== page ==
The (in)Justice System

Reflections on rape convictions in the wake of Weinstein: Justice withdrawn and justice withheld.

Six-and-a-half years ago, a Southern Christian Nationalist politician and former state Supreme Court Justice named Roy Moore was in the news for revelations of multiple sexual assaults, including multiple assaults of minors. The Evangelical community rallied around him, much as they did around the then-recently-elected sexual predator American president a year earlier, and just as they would in defense of Supreme Court Justice Brett Kavanaugh a year later. Polls showed that Moore’s support actually intensified amongst Evangelical-identifying voters after the allegations went public. For many, myself included, this news was one of many media stories that was, in the true clinical sense, highly triggering.

I remember my impassioned Facebook posts about this and the sense of continued betrayal of the faith that had raised me in choosing once again to side with the predator over we, the prey. I remember with acute anguish the fallout with family who saw only my anger and none of my pain. The heartbreak of loved ones reacting to a perceived attack on their faith and not grasping the underlying betrayal and re-opened trauma and the real sense of feeling unsafe that rises up again like embers stirred to life by hot breath. I reckoned with the reality that keeping secrets burns you from the inside – but doesn’t stop there. That holding truth inside doesn’t quell the flames that will burn everything that matters if you don’t tend to the fire.

That moving away from the past in space and time doesn’t leave it behind – not really.

It seems to me that particular familial relationship changed then, in the faltering of my courage to speak the truth of the source and depth of my outrage, and has never been the same since.

This week, the Hollywood rapist Harvey Weinstein’s conviction for sexual assault was overturned on a procedural technicality. And for a hundred million Americans, old wounds are scratched, cut, or ripped open. We watch as a system designed to protect the powerful does just that, and justice is limited once again. (Fortunately, he remains incarcerated due to another sentence for yet another rape, and his health indicates he will not outlive those 16 years – even as he receives federally financed healthcare the totality of the American population is not privy to.)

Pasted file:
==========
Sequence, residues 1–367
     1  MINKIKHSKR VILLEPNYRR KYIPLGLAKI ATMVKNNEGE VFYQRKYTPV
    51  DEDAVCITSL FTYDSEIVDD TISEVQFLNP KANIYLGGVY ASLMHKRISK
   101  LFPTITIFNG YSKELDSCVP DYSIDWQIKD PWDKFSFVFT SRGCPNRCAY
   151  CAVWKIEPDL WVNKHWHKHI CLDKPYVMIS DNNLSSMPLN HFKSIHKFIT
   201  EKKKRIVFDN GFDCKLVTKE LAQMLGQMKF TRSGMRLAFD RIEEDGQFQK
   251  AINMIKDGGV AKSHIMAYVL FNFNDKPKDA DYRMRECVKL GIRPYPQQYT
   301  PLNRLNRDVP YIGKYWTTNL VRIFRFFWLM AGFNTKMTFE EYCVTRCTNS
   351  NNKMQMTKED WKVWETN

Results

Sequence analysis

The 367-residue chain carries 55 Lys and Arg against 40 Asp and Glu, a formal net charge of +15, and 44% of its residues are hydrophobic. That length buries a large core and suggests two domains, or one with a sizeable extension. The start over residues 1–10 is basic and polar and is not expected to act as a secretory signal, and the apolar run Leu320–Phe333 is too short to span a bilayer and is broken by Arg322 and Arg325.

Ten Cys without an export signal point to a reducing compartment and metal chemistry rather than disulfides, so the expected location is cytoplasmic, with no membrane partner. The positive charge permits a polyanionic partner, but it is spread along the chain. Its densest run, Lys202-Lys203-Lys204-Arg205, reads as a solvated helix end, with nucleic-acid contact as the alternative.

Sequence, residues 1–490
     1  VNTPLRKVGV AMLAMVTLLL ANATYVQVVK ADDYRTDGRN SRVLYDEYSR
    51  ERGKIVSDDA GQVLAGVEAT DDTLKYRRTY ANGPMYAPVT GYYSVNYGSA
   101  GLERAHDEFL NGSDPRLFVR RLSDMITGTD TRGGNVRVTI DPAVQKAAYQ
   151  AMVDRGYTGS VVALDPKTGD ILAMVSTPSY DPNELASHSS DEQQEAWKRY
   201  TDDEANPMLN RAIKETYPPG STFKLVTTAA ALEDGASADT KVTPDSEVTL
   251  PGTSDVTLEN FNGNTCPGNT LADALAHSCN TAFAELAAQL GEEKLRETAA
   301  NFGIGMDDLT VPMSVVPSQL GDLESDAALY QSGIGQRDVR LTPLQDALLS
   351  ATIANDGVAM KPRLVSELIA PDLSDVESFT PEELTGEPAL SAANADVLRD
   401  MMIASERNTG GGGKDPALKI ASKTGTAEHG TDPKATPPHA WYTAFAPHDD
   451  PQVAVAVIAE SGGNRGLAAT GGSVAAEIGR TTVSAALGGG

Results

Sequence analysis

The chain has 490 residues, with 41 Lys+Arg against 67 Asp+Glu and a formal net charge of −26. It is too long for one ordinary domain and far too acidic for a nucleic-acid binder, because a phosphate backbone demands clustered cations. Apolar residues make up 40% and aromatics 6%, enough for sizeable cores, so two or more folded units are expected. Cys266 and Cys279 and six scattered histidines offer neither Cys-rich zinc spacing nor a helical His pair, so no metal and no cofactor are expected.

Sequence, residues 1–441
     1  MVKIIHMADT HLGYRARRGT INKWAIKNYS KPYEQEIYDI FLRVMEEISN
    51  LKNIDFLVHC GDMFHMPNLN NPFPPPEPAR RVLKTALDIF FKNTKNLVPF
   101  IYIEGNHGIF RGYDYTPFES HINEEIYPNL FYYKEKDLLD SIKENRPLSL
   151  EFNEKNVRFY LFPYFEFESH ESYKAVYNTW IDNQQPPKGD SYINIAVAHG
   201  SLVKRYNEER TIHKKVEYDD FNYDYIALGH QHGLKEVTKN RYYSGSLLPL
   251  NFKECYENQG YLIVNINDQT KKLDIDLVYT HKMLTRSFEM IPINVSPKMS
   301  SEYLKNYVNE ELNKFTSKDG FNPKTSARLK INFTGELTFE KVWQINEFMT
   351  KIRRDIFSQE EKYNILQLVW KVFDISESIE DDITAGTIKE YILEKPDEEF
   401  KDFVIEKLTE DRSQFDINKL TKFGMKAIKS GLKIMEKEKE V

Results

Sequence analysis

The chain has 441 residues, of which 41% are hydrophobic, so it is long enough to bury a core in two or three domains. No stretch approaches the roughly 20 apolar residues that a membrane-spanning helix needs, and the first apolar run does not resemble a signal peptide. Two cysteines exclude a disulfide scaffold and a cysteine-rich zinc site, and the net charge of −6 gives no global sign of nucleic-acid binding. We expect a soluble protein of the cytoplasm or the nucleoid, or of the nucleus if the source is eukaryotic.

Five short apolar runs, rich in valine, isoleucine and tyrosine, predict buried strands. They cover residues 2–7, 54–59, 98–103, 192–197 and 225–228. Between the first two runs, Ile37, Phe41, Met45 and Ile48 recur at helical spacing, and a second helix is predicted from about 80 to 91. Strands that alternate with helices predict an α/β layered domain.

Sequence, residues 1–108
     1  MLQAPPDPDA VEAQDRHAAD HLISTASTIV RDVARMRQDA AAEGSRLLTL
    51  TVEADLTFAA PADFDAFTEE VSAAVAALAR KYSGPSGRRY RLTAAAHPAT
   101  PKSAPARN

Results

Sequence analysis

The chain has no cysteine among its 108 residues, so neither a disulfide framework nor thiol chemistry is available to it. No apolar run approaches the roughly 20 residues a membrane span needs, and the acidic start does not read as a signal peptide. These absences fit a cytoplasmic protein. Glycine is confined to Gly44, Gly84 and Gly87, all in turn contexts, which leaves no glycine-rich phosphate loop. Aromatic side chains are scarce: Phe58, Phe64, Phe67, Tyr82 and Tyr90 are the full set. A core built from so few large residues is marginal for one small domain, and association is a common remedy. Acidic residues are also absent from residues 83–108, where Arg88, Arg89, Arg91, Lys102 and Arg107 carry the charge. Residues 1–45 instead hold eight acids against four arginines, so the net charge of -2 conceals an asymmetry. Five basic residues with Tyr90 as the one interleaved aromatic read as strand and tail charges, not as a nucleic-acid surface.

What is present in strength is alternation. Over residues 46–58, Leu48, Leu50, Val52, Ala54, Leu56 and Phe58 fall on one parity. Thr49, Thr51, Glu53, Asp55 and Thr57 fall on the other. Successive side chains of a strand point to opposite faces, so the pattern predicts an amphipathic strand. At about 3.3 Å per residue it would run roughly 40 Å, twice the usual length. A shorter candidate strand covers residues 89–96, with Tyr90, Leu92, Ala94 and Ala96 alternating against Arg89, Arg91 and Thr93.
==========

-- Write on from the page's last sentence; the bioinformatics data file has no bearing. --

Less than 1% of rapes lead to felony convictions. Only 3% lead to any charges at all, a rate three times lower than other crimes. And that reflects only rapes reported, which is estimated to count for just 30% of all rapes perpetrated. And then, with full evidence of the crime committed, this bullsh!t happens, and it is no wonder we are so reluctant to report at all. Why put ourselves through all that trauma for … what? This?

And so rapists go free and continue their haughty entitlement to our bodies, forcibly impregnating women in a nation in which lack of reporting is equated by legislators to consent to the life-altering and life-risking experience of pregnancy. “Just close your legs,” they troll us. As if it were that easy.

I don’t have answers this week, my friends, my sisters and brothers in solidarity. I write simply to acknowledge your pain, our outrage, the perpetual injustice. To give voice to it and just to say, I get it. We’ll continue to band together, to support one another, to fight, and to rise. And as we do so, go ahead and scream, and cry, but also breathe deeply. Release your fire mindfully so it doesn’t burn you down from the inside or burn down that which you love all around.

Because that is the last and ultimate freedom that we won’t let the Weinsteins and Moores and Kavanaughs and Nygårds and Trumps and the (in)justice system that protects them take from us: the freedom to choose how we respond, and how we heal.

So notice your inner response. Acknowledge it. Lovingly embrace it, whether it be rage, grief, fear, or something else. Send tender compassion to that part of you that remembers in vivid detail and that reignites in excruciating flames on days like these. Whisper words of reassurance and acceptance. Sit with it. Your feelings are valid. They don’t have to be silenced or go away. But also know that nothing stays the same forever. You will get through this, and a great company of sisters and brothers stand in solidarity with you all around. Even when we can’t see each other, when we are too afraid to self-identify, we are there. And we are one.

No matter what they do in marbled halls, we will heal, and we will rise.

If you need someone to talk to, consider reaching out to the National Sexual Assault Hotline by call or text: 800-656-HOPE, or go to for further resources.

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